Historical entertainment planned for joint celebration of three Southwest Arkansas milestone anniversaries
But in a meeting with aides as he prepared for the 1996 address, Mr. Clinton was the one repeatedly expressing frustration about having to appease the many interests who were pushing for a mention.
“That’s what’s the matter with the State of the Union address,” he said at one point in a newly released transcript of the meeting. “That’s why people don’t listen to them, because you’ve to push every damn little button.”
“Somebody ought to give a five-minute State of the Union,” he added, prompting laughter in the room. “Really, this is crazy. It’s too damn long.”
At another point in the meeting, as Mr. Clinton and his aides deliberated whether to name specific Eastern European countries that had become partners with the United States since the fall of the Soviet Union, Mr. Clinton reminisced about his State of the State speeches in Arkansas.
“You know, the governor of Arkansas used to have to give two inaugural speeches, one in the chamber of the legislature and then one on the steps of the Capitol,” Mr. Clinton said.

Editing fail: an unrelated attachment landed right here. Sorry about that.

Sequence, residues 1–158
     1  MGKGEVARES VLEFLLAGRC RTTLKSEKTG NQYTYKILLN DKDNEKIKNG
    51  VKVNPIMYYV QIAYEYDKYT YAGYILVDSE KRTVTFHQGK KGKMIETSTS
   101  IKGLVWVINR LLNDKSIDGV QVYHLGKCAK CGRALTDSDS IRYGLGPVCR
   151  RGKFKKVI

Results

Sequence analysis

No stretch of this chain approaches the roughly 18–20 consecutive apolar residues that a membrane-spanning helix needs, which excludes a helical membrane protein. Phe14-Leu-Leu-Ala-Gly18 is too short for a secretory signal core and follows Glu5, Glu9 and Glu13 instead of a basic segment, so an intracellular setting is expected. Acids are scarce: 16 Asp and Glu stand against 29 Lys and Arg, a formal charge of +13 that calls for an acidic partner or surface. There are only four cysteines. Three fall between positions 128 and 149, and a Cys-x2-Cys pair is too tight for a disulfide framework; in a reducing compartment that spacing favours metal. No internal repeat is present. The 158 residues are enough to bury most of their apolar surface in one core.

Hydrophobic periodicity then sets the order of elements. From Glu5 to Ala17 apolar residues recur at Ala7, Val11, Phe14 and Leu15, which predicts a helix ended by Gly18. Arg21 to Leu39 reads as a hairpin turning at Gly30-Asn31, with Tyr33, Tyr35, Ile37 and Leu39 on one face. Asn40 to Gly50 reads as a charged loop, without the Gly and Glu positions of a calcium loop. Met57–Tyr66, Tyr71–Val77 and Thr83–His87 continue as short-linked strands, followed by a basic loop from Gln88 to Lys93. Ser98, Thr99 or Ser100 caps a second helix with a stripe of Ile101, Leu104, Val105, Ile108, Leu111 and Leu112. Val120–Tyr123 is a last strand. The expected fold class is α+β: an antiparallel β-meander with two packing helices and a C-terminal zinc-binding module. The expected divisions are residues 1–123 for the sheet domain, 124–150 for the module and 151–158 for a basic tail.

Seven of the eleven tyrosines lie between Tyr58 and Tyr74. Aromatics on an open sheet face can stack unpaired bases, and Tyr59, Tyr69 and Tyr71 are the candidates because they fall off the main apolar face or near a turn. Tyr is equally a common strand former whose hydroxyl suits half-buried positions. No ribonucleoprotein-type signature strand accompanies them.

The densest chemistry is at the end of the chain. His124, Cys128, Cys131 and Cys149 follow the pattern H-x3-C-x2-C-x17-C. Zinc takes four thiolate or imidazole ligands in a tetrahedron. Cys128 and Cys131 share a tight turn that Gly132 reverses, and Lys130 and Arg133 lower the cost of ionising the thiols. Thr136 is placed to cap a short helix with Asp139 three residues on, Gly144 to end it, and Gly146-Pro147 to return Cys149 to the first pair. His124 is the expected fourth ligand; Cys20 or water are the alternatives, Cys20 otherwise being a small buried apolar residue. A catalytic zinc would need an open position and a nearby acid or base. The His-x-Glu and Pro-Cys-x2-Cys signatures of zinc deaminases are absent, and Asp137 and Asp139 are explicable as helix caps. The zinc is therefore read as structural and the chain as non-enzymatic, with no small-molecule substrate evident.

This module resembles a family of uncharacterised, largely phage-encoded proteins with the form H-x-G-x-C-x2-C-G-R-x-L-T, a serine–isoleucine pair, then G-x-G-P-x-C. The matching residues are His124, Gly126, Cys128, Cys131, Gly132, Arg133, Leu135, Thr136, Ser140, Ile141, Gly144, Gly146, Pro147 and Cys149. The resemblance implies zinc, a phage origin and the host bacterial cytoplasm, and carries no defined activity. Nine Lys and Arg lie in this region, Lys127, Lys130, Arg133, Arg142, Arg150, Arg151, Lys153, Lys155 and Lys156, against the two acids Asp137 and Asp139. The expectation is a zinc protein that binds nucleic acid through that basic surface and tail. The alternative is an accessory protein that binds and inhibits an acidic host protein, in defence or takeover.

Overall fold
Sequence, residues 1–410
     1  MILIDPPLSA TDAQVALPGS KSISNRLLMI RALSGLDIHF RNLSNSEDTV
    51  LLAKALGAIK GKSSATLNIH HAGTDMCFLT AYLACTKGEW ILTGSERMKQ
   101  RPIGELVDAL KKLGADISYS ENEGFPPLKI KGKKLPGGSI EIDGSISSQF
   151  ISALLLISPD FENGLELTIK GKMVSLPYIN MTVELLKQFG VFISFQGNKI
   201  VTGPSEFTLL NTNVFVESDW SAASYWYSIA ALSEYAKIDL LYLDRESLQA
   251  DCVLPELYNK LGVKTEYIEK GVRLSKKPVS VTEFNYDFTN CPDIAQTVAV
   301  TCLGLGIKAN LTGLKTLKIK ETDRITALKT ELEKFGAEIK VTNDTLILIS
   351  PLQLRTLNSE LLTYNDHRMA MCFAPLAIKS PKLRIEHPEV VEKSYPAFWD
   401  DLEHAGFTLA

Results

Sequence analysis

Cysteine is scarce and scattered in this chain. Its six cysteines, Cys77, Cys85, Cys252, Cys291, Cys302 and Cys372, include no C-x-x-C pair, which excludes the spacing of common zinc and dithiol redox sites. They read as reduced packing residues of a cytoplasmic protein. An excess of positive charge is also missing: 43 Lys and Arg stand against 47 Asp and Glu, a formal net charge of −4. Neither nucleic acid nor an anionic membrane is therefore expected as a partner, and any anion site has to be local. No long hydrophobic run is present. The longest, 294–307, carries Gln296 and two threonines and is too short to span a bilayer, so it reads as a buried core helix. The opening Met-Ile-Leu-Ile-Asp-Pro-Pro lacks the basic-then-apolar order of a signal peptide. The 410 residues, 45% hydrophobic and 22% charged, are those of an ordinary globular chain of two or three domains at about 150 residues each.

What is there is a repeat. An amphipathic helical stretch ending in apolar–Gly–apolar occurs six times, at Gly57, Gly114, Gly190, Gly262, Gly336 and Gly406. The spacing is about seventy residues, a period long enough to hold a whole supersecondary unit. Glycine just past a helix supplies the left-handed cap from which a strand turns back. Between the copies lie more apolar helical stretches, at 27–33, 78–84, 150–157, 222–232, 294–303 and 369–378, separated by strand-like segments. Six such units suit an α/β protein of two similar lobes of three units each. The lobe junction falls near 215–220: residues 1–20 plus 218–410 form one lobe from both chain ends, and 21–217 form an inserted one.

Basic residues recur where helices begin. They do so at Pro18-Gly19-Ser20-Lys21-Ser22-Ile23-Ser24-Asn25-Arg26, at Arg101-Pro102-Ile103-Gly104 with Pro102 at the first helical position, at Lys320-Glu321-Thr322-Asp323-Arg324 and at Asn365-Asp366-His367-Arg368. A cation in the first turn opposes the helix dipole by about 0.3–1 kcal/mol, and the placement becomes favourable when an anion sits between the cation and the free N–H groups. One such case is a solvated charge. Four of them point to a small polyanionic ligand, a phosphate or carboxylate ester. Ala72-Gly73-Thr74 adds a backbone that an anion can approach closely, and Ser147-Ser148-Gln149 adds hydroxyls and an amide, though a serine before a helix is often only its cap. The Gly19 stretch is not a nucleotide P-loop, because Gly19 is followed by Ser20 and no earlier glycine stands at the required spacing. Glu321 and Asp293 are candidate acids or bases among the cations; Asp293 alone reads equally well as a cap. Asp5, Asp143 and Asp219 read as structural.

“That’s what we ought to do with the State of the Union,” he continued. “We ought to be able to go up there in the afternoon and talk for three hours and 15 minutes and mention every interest group” and then “go back at night and speak for 15 minutes and tell the country what you want to say.”
After a round of laughter, Mr. Gore chimed in: “Well, these countries don’t have that many electoral votes.”
Mr. Clinton’s State of the Union speech that year turned out to be the least wordy of his tenure.
The central message of the speech, Mr. Begala wrote, should be “We, the people.”
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